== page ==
Trial gets started over [Vale Sudbury] miner deaths – by Carol Mulligan (Sudbury Star – August 15, 2012)

The Sudbury Star is the City of Greater Sudbury’s daily newspaper.

The first court appearance Tuesday of Crown counsel for the Ministry of Labour and an agent for lawyers representing Vale Ltd. and one of its supervisors officially launched what is expected to be a protracted, complicated trial on charges under the Occupational Health and Safety Act.
Vale is facing nine charges under the act and supervisor Keith Birnie is facing six charges after an almost yearlong investigation by the Labour ministry into the June 8, 2011, deaths of two men at Stobie Mine.
It only took minutes for a justice of the peace in the Ontario Court of Justice to adjourn the matter until Sept. 12, when a judge will begin hearing the case in the criminal division of provincial court. Vale and the supervisor are charged with failing to take reasonable precautions to prevent the movement of material through an ore pass at Stobie Mine where Jason Chenier, 35, and Jordan Fram, 26, were killed.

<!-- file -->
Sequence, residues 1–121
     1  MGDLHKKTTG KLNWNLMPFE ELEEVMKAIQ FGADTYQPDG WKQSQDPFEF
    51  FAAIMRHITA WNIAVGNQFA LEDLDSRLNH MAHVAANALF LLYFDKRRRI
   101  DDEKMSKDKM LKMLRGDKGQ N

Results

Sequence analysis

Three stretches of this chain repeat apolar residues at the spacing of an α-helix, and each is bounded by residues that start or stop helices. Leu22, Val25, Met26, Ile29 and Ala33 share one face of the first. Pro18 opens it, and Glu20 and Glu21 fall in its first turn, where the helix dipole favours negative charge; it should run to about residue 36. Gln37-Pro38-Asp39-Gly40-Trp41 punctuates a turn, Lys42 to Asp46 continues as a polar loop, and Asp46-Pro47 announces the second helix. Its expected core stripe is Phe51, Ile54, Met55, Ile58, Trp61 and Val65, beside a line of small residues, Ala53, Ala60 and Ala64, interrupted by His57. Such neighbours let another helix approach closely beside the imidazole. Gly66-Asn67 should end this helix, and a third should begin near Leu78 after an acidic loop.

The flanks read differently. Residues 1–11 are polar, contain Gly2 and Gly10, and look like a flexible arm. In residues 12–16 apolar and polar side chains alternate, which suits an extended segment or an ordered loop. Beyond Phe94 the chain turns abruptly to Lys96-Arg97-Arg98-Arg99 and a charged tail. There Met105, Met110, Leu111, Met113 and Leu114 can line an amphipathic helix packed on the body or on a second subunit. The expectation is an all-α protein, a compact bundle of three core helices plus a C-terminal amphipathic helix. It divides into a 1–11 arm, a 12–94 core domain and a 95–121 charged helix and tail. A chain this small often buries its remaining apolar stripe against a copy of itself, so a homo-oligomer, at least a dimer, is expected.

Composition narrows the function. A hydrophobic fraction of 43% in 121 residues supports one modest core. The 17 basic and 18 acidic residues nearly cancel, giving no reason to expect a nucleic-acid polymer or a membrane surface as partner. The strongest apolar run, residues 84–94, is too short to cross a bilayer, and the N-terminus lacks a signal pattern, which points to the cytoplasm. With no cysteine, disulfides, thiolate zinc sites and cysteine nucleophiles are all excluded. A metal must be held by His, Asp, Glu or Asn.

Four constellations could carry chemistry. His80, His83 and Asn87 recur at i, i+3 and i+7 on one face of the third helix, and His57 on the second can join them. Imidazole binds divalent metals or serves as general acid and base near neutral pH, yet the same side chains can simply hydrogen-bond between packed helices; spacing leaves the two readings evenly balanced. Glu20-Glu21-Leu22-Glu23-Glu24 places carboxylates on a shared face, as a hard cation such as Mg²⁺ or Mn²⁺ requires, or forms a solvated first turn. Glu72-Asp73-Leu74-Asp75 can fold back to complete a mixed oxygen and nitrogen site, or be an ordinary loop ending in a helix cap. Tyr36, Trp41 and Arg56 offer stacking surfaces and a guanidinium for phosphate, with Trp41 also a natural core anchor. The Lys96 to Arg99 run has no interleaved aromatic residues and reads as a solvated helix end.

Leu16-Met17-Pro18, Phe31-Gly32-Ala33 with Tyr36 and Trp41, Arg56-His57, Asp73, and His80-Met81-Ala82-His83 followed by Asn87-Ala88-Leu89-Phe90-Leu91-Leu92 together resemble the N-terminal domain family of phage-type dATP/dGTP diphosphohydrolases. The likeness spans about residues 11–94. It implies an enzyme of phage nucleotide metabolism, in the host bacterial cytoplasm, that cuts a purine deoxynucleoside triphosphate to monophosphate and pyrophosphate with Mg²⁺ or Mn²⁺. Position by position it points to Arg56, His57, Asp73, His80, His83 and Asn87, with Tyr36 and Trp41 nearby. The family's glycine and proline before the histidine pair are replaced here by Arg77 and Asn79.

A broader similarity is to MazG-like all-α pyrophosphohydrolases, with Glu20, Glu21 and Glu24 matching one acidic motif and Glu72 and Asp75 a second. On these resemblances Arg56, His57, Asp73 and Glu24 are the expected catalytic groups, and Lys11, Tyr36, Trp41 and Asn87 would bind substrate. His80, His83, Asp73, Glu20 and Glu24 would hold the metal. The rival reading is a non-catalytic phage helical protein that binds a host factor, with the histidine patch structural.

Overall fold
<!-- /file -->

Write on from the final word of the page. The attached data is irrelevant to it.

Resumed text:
The men died after being overcome by a run of 350 tons of muck from the No. 7 ore pass of the century-old mine while they were working at the 3,000-foot level. Birnie is facing charges similar to the ones laid against his employer.
David McCaskill, who is prosecuting the charges for the ministry, presented an agent of Vale’s and Birnie’s lawyers with nine thick volumes of evidence supporting the ministry’s case.
The charges against Vale and Birnie were laid May 31.
After the brief court appearance, McCaskill said it will take a good deal of time for Vale lawyer Douglas Hamilton and Birnie’s lawyer, Cheryl Edwards, to review the disclosures that Sudbury lawyer Mac Sinclair was presented with Tuesday.
The ministry has elected to have the charges heard by a judge rather than a justice of the peace because of the complexity and seriousness of the case, said McCaskill.
“This is a double fatality, there’s highly complex issues in this case, highly complex legal issues,” he said after the court appearance.
“There’s some very technically complex engineering issues, potential mining engineering” issues that will arise during a trial that is expected to last weeks and may not get under way for months.
A judge may be more familiar with the complex legal issues than a JP, said the ministry’s counsel, issues such as search and seizures, and charter issues, said the lawyer.
McCaskill will present the ministry’s case against Vale and Birnie together. Before the trial begins, the parties will have to go through the judicial pre-trial process, in which they will sit down with the judge assigned to this case and discuss the issues that may arise in the trial.

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